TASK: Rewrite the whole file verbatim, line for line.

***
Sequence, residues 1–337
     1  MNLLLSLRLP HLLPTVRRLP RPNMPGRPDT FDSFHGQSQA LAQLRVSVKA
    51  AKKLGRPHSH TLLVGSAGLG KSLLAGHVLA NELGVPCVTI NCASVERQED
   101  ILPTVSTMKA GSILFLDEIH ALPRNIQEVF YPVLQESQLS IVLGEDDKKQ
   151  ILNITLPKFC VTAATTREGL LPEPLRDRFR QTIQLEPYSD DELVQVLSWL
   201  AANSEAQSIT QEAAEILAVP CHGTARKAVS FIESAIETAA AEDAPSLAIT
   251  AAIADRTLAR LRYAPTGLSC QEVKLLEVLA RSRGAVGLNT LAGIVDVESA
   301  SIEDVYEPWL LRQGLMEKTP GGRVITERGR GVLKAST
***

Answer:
Sequence, residues 1–337
     1  MNLLLSLRLP HLLPTVRRLP RPNMPGRPDT FDSFHGQSQA LAQLRVSVKA
    51  AKKLGRPHSH TLLVGSAGLG KSLLAGHVLA NELGVPCVTI NCASVERQED
   101  ILPTVSTMKA GSILFLDEIH ALPRNIQEVF YPVLQESQLS IVLGEDDKKQ
   151  ILNITLPKFC VTAATTREGL LPEPLRDRFR QTIQLEPYSD DELVQVLSWL
   201  AANSEAQSIT QEAAEILAVP CHGTARKAVS FIESAIETAA AEDAPSLAIT
   251  AAIADRTLAR LRYAPTGLSC QEVKLLEVLA RSRGAVGLNT LAGIVDVESA
   301  SIEDVYEPWL LRQGLMEKTP GGRVITERGR GVLKAST